If you find yourself inundated by the choices and brands when it comes to the actual paint, you can check out CR’s ratings, which measure, among other things, how well paint hides a darker color underneath and how good it is at resisting stains. In the labs, our paint testers smear coffee concentrate and sooty oil on painted panels to gauge how the paint holds up against these stains. (Don’t say we never get our hands dirty for y’all.) 

And yes, it’s worth buying good-quality paint that can do the job with just one coat, rather than buying cheap, low-quality paint that might end up costing you more time and money because it requires multiple coats and touch-ups, Tanya says.


Spraying Amazon Video GIF By Red Oaks

Source: Amazon Prime Video/Red Oaks/Giphy Source: Amazon Prime Video/Red Oaks/Giphy

Is this true? Spray sunscreen provides the best coverage.

(Answer at the end.)


So you said you’re waterproof.

@consumerreports To check the IP68 rating on the new Samsung #GalaxyS22 (currently in our labs), we dunked it in 1.5 meters of water for 30 minutes. It passed! #tech #samsung #techtok ♬ original sound - Consumer Reports


Question: “Are frozen fruits and vegetables healthy?”

Answer: Yes, they’re healthy, and the nutritional difference between fresh and frozen produce is small, says Amy Keating, a registered dietitian at CR who has tested the nutrition claims on food products for over 15 years.

A 2017 study found that certain nutrients were higher in frozen vegetables vs. produce stored in the fridge for five days because in some cases, fresh vegetables might lose more vitamins while they sit in the fridge. Also, because fruits and vegetables are frozen closer to harvest, they can sometimes maintain their nutritional profile longer than fresh produce, which can lose vitamins on the way to the grocery aisle, according to reporting from Kevin Loria, a science and health journalist at CR. Frozen produce also potentially eliminates waste because you can store it longer.

That doesn’t mean you should only buy frozen produce, though. Your best choice is to have a variety of both, buying what’s available and fits your storage and budget, Amy says. It’s not an “either/or” situation but really a “both, please.”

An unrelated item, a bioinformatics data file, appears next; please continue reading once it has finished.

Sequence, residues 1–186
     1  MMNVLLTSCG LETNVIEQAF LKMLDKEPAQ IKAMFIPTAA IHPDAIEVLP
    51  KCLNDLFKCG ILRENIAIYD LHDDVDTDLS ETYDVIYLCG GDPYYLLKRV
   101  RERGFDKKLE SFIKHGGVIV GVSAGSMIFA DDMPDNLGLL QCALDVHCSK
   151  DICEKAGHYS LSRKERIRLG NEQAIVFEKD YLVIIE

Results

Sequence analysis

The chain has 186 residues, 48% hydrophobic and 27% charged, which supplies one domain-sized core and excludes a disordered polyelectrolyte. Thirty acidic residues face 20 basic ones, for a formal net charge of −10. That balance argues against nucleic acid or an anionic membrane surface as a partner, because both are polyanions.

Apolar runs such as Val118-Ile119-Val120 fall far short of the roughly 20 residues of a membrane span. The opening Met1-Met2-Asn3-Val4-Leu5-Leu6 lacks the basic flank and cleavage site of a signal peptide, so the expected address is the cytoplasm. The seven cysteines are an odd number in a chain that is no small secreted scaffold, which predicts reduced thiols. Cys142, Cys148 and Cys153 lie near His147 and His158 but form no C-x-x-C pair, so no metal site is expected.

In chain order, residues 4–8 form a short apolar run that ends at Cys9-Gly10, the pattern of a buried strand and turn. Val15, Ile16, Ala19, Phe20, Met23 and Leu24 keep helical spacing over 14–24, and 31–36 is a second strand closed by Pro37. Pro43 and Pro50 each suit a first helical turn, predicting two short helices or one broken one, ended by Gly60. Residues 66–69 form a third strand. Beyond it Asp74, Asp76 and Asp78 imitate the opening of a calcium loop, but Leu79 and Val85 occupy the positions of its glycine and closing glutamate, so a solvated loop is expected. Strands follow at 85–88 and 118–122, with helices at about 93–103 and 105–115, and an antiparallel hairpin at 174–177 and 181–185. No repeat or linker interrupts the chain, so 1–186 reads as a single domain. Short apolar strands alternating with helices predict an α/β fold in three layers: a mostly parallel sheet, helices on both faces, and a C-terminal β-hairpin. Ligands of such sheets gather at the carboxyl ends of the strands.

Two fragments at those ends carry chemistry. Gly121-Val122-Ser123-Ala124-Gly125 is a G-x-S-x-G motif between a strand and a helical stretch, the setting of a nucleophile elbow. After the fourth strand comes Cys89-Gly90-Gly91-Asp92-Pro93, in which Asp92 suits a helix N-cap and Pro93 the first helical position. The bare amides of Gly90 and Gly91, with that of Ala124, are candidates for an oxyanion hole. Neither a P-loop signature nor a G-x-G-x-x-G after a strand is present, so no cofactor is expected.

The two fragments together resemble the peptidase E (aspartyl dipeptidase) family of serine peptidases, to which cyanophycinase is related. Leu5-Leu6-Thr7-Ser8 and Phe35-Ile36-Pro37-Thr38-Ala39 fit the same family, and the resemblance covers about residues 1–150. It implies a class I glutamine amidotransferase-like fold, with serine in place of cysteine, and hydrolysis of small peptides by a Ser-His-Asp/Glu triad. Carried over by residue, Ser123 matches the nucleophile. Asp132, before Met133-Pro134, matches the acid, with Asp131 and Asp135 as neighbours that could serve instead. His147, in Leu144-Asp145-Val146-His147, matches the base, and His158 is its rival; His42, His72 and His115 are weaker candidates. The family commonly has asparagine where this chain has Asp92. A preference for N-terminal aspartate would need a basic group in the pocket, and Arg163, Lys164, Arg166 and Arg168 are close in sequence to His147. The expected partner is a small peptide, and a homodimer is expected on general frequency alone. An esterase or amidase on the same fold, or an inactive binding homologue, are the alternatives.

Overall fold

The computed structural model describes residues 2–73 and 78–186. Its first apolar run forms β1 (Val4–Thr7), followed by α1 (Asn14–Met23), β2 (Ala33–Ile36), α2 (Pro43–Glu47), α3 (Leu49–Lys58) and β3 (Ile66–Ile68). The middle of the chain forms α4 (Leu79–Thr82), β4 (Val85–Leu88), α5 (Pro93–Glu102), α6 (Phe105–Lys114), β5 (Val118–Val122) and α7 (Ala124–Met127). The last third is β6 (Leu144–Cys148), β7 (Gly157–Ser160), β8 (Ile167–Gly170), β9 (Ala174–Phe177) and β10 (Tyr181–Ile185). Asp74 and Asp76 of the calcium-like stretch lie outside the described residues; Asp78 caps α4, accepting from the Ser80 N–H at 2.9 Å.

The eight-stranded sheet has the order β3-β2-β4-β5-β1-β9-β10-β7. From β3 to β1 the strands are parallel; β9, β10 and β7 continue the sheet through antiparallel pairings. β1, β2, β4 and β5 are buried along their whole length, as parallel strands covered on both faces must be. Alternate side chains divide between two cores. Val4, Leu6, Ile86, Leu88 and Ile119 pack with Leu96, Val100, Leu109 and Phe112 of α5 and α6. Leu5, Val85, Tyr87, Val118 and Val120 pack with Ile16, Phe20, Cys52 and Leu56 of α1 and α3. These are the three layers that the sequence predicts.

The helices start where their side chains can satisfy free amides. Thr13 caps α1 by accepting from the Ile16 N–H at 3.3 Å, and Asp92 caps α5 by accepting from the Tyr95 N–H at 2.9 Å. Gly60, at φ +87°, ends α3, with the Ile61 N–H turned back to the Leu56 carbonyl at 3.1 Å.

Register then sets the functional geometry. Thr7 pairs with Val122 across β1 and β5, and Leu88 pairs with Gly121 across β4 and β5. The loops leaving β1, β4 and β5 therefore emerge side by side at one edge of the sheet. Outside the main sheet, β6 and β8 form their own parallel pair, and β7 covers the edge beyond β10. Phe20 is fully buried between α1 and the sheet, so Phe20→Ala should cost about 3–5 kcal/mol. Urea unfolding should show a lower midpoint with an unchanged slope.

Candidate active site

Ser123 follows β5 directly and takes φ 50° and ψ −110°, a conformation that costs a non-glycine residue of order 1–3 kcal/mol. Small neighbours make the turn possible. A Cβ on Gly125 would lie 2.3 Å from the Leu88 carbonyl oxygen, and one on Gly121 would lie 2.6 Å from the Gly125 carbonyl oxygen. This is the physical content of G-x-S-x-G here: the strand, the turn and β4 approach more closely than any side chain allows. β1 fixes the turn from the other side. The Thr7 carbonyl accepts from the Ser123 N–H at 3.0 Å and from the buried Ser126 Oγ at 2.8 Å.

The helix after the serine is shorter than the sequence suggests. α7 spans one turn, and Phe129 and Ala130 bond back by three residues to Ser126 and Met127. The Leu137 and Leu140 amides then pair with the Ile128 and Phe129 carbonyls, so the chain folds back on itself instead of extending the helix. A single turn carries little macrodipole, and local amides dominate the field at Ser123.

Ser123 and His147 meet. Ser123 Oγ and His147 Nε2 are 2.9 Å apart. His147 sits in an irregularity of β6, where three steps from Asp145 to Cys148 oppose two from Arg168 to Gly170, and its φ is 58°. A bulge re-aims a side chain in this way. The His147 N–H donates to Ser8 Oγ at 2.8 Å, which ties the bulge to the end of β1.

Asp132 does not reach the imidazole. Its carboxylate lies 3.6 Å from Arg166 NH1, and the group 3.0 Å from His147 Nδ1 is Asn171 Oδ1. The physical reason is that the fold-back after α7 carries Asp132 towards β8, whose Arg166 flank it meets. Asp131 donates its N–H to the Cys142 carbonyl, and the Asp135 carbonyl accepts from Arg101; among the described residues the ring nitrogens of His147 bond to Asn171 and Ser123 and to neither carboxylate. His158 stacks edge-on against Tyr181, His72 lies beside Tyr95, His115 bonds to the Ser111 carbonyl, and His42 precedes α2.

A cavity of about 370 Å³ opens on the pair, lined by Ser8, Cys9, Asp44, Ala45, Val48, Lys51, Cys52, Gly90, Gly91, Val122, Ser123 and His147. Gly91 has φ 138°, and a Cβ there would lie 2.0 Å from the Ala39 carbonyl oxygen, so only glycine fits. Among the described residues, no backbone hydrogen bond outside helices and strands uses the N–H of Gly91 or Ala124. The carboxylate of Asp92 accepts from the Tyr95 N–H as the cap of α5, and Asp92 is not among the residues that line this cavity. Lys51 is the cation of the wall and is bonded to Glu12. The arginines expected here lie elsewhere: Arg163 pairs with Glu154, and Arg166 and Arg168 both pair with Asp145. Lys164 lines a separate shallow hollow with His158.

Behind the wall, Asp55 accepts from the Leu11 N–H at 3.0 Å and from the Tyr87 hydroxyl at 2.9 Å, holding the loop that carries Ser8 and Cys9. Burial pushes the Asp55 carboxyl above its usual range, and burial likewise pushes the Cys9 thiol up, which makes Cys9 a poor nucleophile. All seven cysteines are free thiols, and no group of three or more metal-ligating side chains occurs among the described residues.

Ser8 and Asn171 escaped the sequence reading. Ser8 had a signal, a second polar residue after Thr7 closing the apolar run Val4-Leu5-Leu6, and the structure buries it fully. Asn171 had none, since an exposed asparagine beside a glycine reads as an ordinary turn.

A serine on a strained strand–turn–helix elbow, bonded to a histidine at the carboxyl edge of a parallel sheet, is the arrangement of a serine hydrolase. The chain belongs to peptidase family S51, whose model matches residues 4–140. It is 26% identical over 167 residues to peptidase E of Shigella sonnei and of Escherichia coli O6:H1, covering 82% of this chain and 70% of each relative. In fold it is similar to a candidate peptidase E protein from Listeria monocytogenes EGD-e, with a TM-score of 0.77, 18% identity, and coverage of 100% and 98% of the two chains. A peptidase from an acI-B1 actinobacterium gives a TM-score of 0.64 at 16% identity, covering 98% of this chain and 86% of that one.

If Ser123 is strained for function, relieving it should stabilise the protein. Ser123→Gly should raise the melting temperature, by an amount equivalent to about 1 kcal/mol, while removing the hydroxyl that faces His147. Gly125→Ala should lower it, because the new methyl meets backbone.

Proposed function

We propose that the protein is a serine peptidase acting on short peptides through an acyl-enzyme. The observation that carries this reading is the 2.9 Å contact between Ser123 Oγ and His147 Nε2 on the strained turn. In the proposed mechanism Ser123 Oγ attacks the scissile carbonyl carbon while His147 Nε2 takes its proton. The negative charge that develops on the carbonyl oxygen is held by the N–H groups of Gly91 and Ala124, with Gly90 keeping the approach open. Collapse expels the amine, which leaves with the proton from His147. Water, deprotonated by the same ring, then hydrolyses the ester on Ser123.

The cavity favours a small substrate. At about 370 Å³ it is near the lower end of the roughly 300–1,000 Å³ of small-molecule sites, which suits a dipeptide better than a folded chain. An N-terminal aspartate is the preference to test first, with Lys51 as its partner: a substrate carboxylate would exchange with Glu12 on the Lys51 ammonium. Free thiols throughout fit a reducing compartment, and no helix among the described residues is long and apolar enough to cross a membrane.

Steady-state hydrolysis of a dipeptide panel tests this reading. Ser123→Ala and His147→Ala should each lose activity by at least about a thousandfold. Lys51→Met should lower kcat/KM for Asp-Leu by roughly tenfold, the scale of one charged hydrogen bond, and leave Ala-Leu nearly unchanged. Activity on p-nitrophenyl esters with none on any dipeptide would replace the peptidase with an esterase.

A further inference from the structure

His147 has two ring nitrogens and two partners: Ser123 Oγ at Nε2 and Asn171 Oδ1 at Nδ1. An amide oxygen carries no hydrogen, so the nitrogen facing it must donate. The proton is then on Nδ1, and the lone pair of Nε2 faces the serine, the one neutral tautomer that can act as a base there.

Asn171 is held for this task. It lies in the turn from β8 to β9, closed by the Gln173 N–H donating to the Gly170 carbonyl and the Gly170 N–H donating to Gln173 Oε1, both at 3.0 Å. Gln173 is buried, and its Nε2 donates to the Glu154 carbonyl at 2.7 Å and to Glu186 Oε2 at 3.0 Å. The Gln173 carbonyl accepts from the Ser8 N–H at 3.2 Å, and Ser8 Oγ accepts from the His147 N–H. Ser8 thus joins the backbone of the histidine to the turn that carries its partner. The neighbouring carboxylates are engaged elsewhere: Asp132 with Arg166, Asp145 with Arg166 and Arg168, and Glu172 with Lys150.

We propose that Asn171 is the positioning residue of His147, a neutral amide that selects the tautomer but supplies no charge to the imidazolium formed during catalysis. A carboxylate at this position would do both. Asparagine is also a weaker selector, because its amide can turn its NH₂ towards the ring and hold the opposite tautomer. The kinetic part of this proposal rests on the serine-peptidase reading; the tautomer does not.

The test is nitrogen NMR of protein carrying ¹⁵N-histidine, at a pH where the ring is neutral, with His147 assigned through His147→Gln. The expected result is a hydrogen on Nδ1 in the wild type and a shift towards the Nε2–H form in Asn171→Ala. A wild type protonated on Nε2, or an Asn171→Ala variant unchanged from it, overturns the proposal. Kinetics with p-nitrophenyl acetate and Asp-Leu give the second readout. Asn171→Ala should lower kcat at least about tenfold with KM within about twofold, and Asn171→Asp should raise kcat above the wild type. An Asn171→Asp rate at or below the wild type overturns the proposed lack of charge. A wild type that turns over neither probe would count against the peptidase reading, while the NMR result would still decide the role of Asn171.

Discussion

Numerous articles of clothing soaking in a bathtub.

Photo: Rich Handel/Consumer Reports Photo: Rich Handel/Consumer Reports

Is laundry stripping worth the trouble? Not really.


If you’re painting a room, there are certain colors you might want to steer away from. Black can be depressing, pink is not for everyone, and orange is, well, a choice. (All incorrect color opinions are my own.)

We polled our readers on social media on the one color they would never ever want to paint their room. The most popular answer was black, which makes sense given that whites and off-whites are still the most popular colors for interior walls, and an all-black room is probably only relaxing to live in if you’re a rich Bond villain with a fluffy cat purring on your lap.

Maybe you disagree. Maybe you think there’s another more offensive paint color that we missed. (Dark brown? Neon yellow? Vomit green?) What color would never grace the walls of your home? Let me know.


If you could eliminate one of these household chores—dusting, laundry, dishes, or cleaning your floors—which one would it be?


Not necessarily. While spray sunscreen is protective, it can be hard to measure how much you’re getting, which could lead to less protection, says Trisha Calvo, CR’s deputy editor who has covered sunscreens for the past eight years. Plus, on windy days a lot of the spray might get blown away.

If you want to get good coverage, spray the sunscreen in your hands first and then rub it over your body. Or you can spray until your skin glistens and rub it in afterward to distribute the sunscreen, Trisha says. Just don’t spray your face; you don’t want to inhale the sunscreen, because some ingredients can be lung irritants.

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Where there’s a wall, there’s a way.

Headshot of CR Author Pang-Chieh (BJ) Ho

Pang-Chieh Ho

I'm a newsletter writer who likes looking into the different ways we can live smarter. The topics I cover typically explore unanswered questions we have about the products we use every day and bridge the gaps between what owners' manuals advise and what we actually do. In my spare time, I like to take photos, critique movies out loud while I watch (at home!), and take care of my ever-increasing plant "children."